A year after a devastating fire ripped through Scalesceugh Hall, the iconic landmark has been visited by people who have helped to transform the building all over again.
Fire crews from Penrith, Appleby and Lazonby joined four other stations in tackling the huge blaze which gutted the Edwardian mansion at Carleton.
The Edwardian mansion was in the process of being converted into luxury retirement apartments, and restoration work had just been completed on the roof and 144 windows.
All the hard work was destroyed in the freak fire, along with part of the family home owned by Bruno and Dr Anita Herdeiro, who have four young children.
Now, work is being finished on the first show apartment in the hall, for launch at the end of the month, after a remarkable new restoration effort, achieved through two of the worst storms in British history, and the COVID-19 pandemic.
Many people involved in the rescue and restoration over the past 12 months were invited to see the progress which has been made.
Bruno Herdeiro admits he went into practical mode on the night of the fire, recalling: “I had to be focused to make the right decisions. We had to make sure the fire didn’t spread to neighbouring properties and take any lives.
“The reality did not hit until much later, when the fire brigade had left and I had to start thinking about rebuilding.”
With only the external walls standing, and unstable, Bruno made the decision to save the building, forfeiting any insurance money that might have been available.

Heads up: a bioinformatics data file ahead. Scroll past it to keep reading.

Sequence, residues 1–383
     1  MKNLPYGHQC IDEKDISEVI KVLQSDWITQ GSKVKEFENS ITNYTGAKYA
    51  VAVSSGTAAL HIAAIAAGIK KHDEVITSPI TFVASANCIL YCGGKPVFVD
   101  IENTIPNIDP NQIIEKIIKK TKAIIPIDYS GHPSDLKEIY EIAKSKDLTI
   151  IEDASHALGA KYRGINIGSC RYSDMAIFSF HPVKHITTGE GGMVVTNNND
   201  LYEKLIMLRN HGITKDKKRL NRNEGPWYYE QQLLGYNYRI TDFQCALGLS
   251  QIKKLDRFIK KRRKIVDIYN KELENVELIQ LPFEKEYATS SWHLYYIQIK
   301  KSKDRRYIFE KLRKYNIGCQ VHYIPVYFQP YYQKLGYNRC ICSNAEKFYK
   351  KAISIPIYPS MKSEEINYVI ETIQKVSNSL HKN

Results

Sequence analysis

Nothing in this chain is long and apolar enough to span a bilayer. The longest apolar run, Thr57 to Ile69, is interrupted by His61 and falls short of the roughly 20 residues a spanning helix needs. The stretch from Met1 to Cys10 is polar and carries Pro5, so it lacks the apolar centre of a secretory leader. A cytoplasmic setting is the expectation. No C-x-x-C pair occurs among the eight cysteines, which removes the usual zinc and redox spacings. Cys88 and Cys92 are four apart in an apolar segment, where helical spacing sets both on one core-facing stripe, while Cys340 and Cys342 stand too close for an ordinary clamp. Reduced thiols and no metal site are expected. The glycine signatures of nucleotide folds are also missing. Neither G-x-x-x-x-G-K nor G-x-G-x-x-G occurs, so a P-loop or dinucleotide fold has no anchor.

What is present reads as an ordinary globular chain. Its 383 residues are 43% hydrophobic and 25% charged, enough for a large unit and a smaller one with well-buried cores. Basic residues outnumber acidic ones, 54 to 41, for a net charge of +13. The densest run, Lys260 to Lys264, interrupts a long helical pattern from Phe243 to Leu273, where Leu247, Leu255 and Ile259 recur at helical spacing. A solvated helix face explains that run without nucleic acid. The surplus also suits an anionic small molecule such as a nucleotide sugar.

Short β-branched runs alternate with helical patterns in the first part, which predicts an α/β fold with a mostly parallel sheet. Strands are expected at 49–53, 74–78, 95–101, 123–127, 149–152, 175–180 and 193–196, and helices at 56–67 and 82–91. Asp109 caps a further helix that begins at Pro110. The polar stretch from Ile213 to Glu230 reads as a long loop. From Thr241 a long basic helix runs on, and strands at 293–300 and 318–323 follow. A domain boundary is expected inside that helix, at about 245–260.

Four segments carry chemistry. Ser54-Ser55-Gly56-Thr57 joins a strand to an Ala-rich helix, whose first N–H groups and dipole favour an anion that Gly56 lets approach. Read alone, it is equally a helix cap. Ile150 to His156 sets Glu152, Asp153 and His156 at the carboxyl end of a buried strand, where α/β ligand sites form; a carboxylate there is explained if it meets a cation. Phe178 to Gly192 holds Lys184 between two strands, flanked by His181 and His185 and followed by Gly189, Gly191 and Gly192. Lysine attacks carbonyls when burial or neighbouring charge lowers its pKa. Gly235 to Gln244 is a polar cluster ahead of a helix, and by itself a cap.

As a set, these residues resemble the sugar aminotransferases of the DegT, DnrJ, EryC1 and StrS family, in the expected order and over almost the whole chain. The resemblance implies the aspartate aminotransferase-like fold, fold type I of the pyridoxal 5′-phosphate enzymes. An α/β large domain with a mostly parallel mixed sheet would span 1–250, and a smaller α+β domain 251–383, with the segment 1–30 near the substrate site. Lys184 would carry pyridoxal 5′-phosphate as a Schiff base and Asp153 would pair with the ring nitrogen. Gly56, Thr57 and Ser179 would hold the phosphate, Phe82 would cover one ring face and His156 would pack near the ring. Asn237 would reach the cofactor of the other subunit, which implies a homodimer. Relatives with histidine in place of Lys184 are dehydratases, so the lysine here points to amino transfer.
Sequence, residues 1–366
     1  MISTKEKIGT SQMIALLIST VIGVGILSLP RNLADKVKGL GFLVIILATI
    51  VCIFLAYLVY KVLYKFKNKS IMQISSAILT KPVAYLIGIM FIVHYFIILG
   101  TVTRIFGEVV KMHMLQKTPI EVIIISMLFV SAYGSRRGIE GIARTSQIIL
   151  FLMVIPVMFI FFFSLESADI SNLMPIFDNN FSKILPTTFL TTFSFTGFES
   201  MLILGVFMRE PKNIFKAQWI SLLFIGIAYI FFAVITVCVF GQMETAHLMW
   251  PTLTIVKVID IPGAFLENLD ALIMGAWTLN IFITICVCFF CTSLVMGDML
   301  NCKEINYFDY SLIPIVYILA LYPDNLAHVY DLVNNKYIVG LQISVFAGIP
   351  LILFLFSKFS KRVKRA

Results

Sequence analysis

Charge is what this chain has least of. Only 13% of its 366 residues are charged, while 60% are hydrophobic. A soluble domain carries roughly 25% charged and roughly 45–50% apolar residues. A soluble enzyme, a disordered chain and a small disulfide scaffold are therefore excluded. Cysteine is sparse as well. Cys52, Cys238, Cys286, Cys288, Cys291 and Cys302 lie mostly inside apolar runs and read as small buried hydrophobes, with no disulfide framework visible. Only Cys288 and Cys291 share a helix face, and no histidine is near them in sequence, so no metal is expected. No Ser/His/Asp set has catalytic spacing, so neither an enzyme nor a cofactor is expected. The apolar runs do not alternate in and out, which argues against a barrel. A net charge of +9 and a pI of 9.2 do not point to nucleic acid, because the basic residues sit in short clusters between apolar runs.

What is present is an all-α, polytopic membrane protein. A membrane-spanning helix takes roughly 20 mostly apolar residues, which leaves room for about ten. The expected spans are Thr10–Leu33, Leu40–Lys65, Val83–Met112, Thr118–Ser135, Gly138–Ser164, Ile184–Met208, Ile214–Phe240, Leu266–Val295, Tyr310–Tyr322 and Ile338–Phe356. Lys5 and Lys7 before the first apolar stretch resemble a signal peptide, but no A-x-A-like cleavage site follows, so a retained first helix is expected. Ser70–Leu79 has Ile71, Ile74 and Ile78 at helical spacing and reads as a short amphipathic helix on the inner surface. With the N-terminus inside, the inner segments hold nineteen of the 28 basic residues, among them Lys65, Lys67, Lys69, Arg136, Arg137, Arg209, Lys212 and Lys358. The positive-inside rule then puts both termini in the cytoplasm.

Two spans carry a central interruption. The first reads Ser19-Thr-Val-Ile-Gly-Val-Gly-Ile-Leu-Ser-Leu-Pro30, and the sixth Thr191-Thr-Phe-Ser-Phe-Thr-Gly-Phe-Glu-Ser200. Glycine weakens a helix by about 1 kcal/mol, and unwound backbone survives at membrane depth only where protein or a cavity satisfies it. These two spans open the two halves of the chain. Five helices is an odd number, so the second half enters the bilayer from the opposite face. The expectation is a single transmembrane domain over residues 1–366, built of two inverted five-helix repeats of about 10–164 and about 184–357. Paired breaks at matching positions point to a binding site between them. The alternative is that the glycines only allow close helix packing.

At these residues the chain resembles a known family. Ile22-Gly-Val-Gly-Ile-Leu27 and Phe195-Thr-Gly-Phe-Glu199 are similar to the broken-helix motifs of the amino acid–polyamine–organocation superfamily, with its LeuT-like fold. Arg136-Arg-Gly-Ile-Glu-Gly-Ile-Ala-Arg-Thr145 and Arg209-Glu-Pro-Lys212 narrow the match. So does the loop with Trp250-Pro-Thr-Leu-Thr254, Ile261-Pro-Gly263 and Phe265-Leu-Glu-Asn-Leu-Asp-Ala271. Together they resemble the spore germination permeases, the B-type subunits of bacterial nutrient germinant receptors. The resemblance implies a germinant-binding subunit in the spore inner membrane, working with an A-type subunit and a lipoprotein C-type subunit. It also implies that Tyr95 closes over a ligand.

The Herdeiros had to move to a hotel, while their own home was repaired, but received a lot of support from local people.
“It’s one of the big things about Cumbria,” said Bruno. “There is a strong sense of community. Everyone comes together.”
He decided to fight back with an ambitious plan that many thought impossible.
“The building was listed because of its architectural merits — the detail in the sandstone, the arches and pillars,” he said.
“Our priority was to return all those features, so if you drove past on the A6, like thousands of people do every day, a year on, you would not have known that there had ever been a fire.”
The task was made even more difficult by two of the worst storms Britain has seen in recent years, followed by the coronavirus outbreak which slowed supplies of materials.
To save time, a team of skilled craftspeople from across Cumbria was hand-picked by Bruno, instead of putting contracts out to tender. But he admits it has been hard work.
“The biggest challenge for us was exhaustion. We have gone right to the limit of delivering what any of us could manage.
“We have used every last penny we had, sold some of our villas, and still had to rely on the bank for extra help.”
Bruno’s wife Anita has been working at the same time on the front line as a GP through the pandemic, and all money she has earned from this also went to restoring the hall.
The result is 15 luxury apartments with a communal lounge and cinema.
A spa and wellness centre is also close to completion.
The apartments are officially launched next Saturday and the first people are expected to move in at the start of the new year.